Alumni Spotlight: Michelle Nguyen

Michelle Nguyen, attending the University of California, Irvine just wrapped up her first year in college! Read more on Michelle’s best practices while in college and how she’s kicking off her summer! 

What obstacles and/or hardships did you overcome in college?

How to still be productive now that I no longer have a fixed schedule. I create my own fixed schedule and it differs each day. If I have classes in the afternoon, I wake up early to do homework. I schedule meetings and classes in my calendar, and I make my due dates 2 days earlier. I set alarms throughout the day to remind myself to do certain things (ex: 5:20PM “Your enrollment window opens in 10 minutes”)

How to not be lonely/make friends. It’s crazy that in a place filled with so many people, there are so many people that are lonely. My best advice for making friends is to join orgs/clubs, make study groups, if you dorm, stay the weekends, and put yourself out there, now that you’re in college, you don’t become friends with people only because you’ve been in the same class with them for years, now, if you want to be friends with someone, just invite them to lunch. In a way, college really tests your social skills, but the outgoing people shouldn’t be the only one thriving, really tell yourself that you should stand these next few minutes of possible social rejection, in order to find people who will keep your company for the rest of your time there. 

How did you find a balance between academics, extracurriculars, college applications, and being successful?

Have a very specific time schedule for your day and split up your work into small tasks. On some days, I had classes 8AM-1:30 PM, Sports Practice 1:30-5:00PM, and Reality Changers 5:00-7:00PM. I made sure to make use of my free time. I did homework in the first 10 minutes of all my classes because the teachers always took 5-10 minutes to prepare for the class. I did my college applications during my college prep program. When I got home, I would study for tests.

Looking back on your senior year of high school, what would you tell your younger self?

Don’t stay in extracurriculars for a long time just because you think that it would look good for college applications. It’s better to do less extracurriculars where you are actively participating (part of the leadership) and that you are passionate about, because those end up being your personal statements (and your most fond high school memories).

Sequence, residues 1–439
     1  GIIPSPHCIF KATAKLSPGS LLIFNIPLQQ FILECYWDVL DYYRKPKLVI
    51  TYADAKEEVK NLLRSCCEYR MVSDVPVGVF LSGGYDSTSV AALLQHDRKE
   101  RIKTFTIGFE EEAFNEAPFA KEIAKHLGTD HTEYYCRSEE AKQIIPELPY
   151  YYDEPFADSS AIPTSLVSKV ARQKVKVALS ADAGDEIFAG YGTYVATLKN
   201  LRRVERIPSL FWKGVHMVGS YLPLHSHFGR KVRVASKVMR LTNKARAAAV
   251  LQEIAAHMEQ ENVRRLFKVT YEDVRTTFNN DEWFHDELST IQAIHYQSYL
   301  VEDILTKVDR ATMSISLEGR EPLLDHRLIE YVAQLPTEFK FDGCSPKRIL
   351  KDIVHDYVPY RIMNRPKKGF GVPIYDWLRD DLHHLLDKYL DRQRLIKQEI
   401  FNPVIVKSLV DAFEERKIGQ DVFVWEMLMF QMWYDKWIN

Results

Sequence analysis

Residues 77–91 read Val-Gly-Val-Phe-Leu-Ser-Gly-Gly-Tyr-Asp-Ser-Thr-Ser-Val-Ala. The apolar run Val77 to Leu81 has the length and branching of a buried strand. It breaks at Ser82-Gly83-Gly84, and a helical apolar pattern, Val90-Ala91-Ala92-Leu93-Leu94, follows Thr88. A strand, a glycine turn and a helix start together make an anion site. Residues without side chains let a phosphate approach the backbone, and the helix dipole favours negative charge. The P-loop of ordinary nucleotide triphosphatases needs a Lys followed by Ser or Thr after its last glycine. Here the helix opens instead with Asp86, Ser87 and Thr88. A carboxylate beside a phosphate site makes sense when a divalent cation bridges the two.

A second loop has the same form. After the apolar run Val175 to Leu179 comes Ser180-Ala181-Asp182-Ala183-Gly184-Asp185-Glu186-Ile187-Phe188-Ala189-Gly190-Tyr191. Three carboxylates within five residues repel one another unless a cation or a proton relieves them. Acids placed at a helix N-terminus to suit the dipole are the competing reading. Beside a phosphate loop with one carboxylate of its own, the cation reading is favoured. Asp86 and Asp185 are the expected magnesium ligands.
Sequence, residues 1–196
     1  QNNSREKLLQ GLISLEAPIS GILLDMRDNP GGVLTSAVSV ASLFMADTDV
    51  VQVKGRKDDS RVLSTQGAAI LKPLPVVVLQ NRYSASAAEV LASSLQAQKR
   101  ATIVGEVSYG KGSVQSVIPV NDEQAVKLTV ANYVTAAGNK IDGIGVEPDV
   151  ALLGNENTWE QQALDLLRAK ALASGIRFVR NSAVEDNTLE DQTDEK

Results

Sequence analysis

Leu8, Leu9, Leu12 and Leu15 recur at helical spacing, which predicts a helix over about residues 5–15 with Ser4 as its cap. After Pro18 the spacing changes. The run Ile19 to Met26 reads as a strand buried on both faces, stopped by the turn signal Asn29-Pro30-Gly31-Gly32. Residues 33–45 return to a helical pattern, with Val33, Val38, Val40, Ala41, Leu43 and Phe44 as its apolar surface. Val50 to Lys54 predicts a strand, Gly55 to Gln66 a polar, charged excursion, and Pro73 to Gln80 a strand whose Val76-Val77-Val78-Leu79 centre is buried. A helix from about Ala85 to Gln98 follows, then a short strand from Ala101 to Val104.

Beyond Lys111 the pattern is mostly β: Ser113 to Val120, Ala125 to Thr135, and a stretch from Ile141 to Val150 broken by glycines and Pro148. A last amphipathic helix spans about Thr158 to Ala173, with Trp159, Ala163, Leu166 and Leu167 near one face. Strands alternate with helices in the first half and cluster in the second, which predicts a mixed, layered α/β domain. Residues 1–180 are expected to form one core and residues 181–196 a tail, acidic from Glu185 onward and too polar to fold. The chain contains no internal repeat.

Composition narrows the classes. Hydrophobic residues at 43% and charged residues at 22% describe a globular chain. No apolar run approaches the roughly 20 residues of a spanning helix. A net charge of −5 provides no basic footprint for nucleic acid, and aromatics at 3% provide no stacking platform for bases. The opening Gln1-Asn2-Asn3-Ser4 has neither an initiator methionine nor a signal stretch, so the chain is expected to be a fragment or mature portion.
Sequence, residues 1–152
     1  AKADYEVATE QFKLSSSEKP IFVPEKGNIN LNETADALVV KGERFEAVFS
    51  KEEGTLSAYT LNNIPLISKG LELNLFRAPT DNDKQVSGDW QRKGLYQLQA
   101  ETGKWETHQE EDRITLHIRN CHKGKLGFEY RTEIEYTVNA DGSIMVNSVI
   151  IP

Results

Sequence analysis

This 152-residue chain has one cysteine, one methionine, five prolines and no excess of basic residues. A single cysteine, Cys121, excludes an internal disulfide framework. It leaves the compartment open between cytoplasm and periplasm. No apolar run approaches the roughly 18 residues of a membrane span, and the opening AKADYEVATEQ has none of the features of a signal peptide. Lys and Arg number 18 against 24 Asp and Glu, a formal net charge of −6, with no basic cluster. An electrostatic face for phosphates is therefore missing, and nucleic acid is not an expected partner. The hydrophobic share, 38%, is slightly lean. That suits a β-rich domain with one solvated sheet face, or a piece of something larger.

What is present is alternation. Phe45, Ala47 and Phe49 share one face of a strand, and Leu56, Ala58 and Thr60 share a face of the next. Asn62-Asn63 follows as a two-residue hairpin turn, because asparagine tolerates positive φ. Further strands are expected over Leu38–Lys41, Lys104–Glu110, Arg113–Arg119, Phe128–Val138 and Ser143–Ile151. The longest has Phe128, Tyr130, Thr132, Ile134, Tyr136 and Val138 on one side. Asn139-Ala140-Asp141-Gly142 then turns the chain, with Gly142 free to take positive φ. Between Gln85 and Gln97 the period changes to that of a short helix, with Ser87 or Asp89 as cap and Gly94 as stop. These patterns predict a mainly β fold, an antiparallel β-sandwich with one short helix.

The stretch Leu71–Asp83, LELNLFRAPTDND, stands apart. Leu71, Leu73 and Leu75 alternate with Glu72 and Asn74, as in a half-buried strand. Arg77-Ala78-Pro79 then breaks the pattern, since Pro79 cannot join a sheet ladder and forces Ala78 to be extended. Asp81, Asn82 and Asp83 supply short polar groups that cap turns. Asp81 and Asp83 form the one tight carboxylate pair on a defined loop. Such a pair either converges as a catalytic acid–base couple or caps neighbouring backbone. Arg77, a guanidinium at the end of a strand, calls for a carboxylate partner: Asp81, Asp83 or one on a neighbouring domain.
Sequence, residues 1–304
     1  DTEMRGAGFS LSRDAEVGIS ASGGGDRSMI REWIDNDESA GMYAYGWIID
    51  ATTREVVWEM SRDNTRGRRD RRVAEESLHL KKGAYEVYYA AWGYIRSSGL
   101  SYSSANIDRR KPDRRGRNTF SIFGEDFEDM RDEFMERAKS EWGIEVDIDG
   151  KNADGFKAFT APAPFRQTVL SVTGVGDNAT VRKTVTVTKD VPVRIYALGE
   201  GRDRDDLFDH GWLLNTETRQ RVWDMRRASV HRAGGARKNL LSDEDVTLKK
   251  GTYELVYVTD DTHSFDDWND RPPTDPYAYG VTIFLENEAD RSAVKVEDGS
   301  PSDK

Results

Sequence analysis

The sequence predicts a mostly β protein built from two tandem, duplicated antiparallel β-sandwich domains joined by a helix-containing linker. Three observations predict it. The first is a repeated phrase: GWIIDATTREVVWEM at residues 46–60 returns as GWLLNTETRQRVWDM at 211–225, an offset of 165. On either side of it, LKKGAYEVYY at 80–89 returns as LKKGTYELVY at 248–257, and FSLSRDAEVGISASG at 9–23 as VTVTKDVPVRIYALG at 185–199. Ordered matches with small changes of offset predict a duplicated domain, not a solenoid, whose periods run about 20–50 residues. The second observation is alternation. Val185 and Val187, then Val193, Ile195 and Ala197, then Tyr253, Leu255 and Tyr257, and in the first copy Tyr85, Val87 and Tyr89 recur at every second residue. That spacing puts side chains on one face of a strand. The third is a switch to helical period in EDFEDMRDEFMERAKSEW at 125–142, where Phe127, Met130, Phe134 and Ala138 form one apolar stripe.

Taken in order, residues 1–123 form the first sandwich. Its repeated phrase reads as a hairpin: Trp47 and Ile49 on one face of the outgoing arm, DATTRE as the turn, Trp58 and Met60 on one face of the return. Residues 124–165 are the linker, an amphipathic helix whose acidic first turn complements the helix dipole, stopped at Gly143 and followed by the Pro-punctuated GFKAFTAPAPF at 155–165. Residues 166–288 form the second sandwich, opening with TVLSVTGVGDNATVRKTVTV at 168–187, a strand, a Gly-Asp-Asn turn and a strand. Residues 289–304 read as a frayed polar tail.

Take time for your family and friends, there’s no point working so hard for a good future only for yourself. If you want to be financially successful to take care of your family, you shouldn’t go m.i.a on them along the way. 

Don’t tolerate people who don’t want you in their lives. It gets old quickly, if they don’t want your company, you don’t need their presence. You’ll know who cares about you, and if you don’t, you’ll be confused. 

For other students looking up to you, what action steps would you encourage students to take over the summer to prepare for their next year of high school and/or first year of college?

Get a job: you’re going to be bored during the summer anyways, but it’s better to be bored with money in the bank. 

Join the summer sessions for incoming freshmen at your college, you get really close to people and it’s a good introduction to college. 

Spend a lot of time with your friends and family, you’ll miss them more than ever when you’re in college. 

Work out: 24 hour fitness gives you a free summer gym membership if you’re under 18 (don’t quote me on this, this is just what happened for my local 24 hour gym). 

Explore your current city, even if it’s just going to your local fast food joint and trying a new item, you don’t need to go far to explore

How are you flexing your summer state of mind and staying proactive this summer? (i.e exercising, working, reading, journaling, meditating)

Reviewing/learning Spanish and Vietnamese on Duolingo, learning sign language, reading, hiking, swimming. 


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